Saturday, November 07, 2009

#313 Jimmie Schaffer

#313 Jimmie Schaffer
Do you remember when Ken Griffey, Jr. started wearing his baseball cap backwards in the early '90s and the guardians of the sport lost their minds? You really have to wonder what all of the fuss was about, especially since catchers had already been doing it for decades.

Fun facts about Jimmie Schaffer:

-Born in Limeport, PA, Jimmie signed with the Cardinals as a teenager in 1955.

-Finally got promoted to St. Louis in his seventh professional season, and singled in his first career at-bat against Chicago's Dick Ellsworth.

-Hit .255 as a rookie, and his 153 at-bats would prove to be a career high.

-After an offseason six-man trade sent him to the Cubs, Schaffer hit 7 of his 11 career home runs in 1963. He victimized his former team three times, and also went deep against Hall of Famer Warren Spahn!

-A broken hand in 1964 hastened the end of his time as a role player; he hit .205 and was traded across town to the White Sox the following winter.

-Jimmie saw action in only 55 games for four major league teams in the final four years of his career (1965-1968), hitting .154 for the White Sox, Mets, Phillies, and Reds.

-His 128 career hits are tied for ninth-most among players born on April 5. The top three are early 1900s Yankee Wid Conroy (1257), ex-Pirates 2nd baseman Rennie Stennett (1239), and former ChiSox teammate Ron Hansen (1007).

-In parts of eight big league seasons, he hit .223 with 11 home runs and 56 RBI. He would continue playing in the minors through the 1970 season.

-After spending 1970 as a player for Baltimore's AAA Rochester club, Jimmie became a manager in the Orioles' organization the following year. He led the Bluefield Orioles to a league championship. He stayed in the farm system through 1977, adding another championship to his resume with the 1973 Lodi Lions. Later, he would manage Texas' farm club in Tulsa (1979) and Baltimore's farm club in Hagerstown (1989).

-Coached in the majors for the Rangers (1978) and Royals (1980-1988), receiving a World Series ring for his work with the 1985 champs.
#313 Jimmie Schaffer (back)


  1. Now thats a mug only a mudda could love...

  2. Looks like he had a nice long run in the game.

  3. This guy is one of the phantom Orioles. Like RP Bruce Swango in the 60s and OF Bruce Dostal in the 1994, Jimmie was recalled to the Orioles (in '70) but did not appear in a game so his being on the roster is not noted in the books.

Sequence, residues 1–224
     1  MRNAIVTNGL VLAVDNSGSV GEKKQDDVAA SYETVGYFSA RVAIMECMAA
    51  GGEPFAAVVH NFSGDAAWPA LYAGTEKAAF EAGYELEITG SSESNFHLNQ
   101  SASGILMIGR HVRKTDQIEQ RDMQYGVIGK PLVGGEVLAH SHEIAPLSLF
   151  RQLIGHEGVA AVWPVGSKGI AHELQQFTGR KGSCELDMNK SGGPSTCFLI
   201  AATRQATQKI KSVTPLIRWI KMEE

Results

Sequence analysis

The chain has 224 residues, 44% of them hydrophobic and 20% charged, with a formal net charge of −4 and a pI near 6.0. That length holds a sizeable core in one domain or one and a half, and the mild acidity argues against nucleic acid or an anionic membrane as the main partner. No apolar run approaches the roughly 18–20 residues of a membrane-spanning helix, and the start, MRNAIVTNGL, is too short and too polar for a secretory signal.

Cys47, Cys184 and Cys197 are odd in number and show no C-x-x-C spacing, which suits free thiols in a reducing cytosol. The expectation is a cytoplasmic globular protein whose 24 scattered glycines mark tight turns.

As I recall, players needed 4 years of service time to qualify for the pension back then---unlike now when you vest with one day of ML service, and the Os did him a favor by helping Jimmie get the required time by bringing him up--and C Clay Dalrymple had broken his leg with very young John Oates as #3 catcher that September.
    His greatest contribution to baseball was getting Eddie to become a switch hitter when he managed Eddie at AA.
    Isn't '65 Topps the greatest?

  4. I never ever understood why old fogies lost their minds over Junior wearing his cap backwards. It just seemed like they needed SOMETHING to not like about him...

    And proving how disingenuous they all are, they now hold him as the bastion of steroid purity. Well, him and Jeter (and I would not put bets on either).

  5. Brox - That's a face with "character".

    Matt - Yep, gotta love the baseball lifers.

    Anon - I did not know that! On my O's blog, I wrote about another such player, pitcher Mike Willis.

    Max - I'd be kinda depressed if Junior was proven to be a user. He was my hero growing up.

  6. Jimmie is my uncle...he's alive and well in Coopersburg, PA....helping out at Limeport Stadium (Colonial League) and Golfing. He has an amazing autographed baseball, bat, etc. collection of all the old times throughout the years.

  7. Here are some more guys with their caps backwards: